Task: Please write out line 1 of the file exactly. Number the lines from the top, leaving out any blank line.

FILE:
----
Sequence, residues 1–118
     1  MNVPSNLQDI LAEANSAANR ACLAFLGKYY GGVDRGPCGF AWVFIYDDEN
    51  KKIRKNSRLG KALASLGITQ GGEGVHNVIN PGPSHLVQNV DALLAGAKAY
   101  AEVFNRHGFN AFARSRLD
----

Sequence, residues 1–118